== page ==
rediscovers her passion for costume design and finds herself falling for Brad, the 
film’s famous leading man.” 

Hallmark calls this film, “Lights, Camera, Christmas!” which pretty much sums up 
the holiday viewing season. 

Peter Funt’s new memoir, “Self-Amused,” is now available at 



 Aren’t we all looking for gift suggestions 
for those hard to buy for 

Well, I stumbled on a unique bit of information detailing gift 
purchases from world leaders to world leaders. Did you know foreign 
countries give gifts to other foreign countries? Diplomatic 

 Most of you know the country of France gave us the Statue 
of Liberty in 1886 ba-sically thanking us for rebelling against the 
British and winning the war of Inde-pendence. The statue of Liberty 
is really a statue of the Roman Goddess of Free-dom, Libertas.

 Yearly since 1947, Norway has sent a 20+ meter (65 feet tall) high 
spruce tree to the United Kingdom where it stands in Trafalgar 
Square for the Christmas season. This is Norway’s way of thanking 
the British for helping them resist the Nazi’s in World War II. 
Norway fell to the Nazis and the British gave the Norwegian exiled 
government refuge where they could organize resistance against 
the Nazis. 

Red China gifted the National Zoo in Washington D.C. with 
two giant pandas fol-lowing the groundbreaking 1972 trip to Red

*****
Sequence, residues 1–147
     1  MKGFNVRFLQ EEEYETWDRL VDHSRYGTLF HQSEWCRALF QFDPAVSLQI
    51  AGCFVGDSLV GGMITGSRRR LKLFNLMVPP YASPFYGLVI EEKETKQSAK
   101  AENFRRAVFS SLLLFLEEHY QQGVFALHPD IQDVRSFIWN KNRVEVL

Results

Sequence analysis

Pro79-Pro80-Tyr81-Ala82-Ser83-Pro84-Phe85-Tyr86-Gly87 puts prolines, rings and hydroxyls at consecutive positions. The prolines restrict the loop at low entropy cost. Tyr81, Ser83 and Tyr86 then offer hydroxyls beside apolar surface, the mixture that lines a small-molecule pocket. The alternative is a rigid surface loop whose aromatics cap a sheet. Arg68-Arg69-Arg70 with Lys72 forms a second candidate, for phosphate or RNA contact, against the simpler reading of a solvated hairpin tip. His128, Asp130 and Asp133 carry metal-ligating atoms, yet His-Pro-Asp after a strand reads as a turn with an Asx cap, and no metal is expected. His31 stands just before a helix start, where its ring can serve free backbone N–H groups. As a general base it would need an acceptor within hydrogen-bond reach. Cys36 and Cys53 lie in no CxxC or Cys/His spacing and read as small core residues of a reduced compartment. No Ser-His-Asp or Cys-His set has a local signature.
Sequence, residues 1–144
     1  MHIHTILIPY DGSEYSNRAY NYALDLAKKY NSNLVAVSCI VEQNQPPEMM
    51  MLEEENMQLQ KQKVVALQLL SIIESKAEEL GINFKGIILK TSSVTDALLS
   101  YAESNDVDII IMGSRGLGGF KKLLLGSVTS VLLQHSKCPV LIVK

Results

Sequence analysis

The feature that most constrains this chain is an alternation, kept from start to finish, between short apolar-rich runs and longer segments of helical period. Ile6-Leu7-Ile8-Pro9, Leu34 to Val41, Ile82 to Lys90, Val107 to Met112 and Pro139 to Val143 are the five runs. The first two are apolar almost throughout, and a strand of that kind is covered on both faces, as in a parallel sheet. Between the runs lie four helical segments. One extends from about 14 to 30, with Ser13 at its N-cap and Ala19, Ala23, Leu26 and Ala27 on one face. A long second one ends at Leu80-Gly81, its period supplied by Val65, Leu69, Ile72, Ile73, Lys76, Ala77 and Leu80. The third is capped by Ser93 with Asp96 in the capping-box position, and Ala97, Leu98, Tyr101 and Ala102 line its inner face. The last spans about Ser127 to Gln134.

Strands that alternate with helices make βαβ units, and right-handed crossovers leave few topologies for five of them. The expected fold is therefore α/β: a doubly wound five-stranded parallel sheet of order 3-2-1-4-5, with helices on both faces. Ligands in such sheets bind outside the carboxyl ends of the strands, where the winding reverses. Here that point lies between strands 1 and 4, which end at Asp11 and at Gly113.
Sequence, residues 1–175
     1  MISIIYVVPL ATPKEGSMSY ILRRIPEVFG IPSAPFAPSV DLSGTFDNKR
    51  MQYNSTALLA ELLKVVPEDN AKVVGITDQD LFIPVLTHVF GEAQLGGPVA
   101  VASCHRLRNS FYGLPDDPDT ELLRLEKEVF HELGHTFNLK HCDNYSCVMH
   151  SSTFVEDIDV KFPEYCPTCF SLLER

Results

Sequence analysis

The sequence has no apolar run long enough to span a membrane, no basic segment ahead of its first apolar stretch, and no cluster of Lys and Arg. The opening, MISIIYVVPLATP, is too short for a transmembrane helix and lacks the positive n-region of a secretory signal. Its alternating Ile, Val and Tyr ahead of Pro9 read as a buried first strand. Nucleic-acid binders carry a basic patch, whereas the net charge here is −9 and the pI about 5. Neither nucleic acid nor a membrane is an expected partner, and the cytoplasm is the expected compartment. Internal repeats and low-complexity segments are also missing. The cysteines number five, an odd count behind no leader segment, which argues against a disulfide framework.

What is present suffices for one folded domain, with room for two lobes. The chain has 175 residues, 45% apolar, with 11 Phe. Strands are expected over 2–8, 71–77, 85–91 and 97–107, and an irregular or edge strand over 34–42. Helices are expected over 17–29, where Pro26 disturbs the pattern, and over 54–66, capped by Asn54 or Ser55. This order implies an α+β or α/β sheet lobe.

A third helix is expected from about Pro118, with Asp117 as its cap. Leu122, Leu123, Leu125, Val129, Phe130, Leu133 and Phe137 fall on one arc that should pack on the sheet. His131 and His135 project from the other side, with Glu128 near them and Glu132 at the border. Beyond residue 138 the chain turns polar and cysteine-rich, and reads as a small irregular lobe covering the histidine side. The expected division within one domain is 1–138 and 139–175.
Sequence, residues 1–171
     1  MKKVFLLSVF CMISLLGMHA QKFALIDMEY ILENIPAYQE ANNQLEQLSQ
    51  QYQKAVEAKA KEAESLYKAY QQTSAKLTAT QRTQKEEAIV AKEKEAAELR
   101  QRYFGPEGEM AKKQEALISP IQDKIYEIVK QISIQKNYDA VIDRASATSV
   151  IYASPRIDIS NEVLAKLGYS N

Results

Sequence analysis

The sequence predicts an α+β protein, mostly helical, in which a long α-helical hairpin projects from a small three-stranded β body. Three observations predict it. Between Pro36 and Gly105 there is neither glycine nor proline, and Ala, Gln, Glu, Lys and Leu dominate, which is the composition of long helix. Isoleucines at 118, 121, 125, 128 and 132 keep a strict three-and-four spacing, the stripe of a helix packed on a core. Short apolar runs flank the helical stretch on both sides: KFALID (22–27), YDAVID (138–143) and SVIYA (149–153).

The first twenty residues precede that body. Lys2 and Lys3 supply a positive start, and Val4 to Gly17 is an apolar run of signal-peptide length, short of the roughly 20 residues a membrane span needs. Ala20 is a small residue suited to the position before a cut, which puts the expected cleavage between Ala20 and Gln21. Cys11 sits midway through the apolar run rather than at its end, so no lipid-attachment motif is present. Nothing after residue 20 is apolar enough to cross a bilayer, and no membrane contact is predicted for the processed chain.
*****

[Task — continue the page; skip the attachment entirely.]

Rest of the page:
China by then President Nixon. 

British King George VI commissioned a sword to be created for 
Joseph Stalin, the leader of Russia. Why? Because Stalin led the 
Russians in a five month battle, we now referred to as the Battle 
of Stalingrad. This was the first major defeat by the Germans and 
their co-conspirators.

 On a smaller note the Commander of Egypt in 1827 gave French 
King Charles X a giraffe trying to persuade the King of France to 
support the Turks in the Greek War of Independence. Apparently, 
the French people went crazy for the giraffe.

 When the Obama family visited Australia in 2011 the Australian 
Northern Territory Administration gifted the Obamas, crocodile 
insurance. I found out the Presi-dent is not allowed to accept gifts 
that exceed $390. That bit of information might come in handy 

 Speaking of reptiles the Indonesian government, in 1986, offered 
President Reagan two Komodo dragons. President Reagan 
probably determined roaming the halls of the White House was 
not a good idea, the Komodo dragons were pre-sented to the National 
Zoo down the street from the White House. Realizing for 
dragons were males, a third female was later lent to the zoo and off-
springs of the original Komodo family still roam the National Zoo.

 Russian Dictator Josef Stalin gifted North Korea Dictator Kim 
Il Sung with a bullet-proof limousine. Dictator Sung considered 
Dictator Stalin’s gift to be a thoughtful gift. No kidding! 

If you haven’t made New Year’s Eve plans, my band, JJ Jukebox 
is performing at a New Year’s Eve party at Nano Café in Sierra 
Madre. We would love to bring in 2023 with you and yours. If interested 
contact the restaurant, (626) 325-3334 for reservations. 

Mountain Views News 80 W Sierra Madre Blvd. No. 327 Sierra Madre, Ca. 91024 Office: 626.355.2737 Fax: 626.609.3285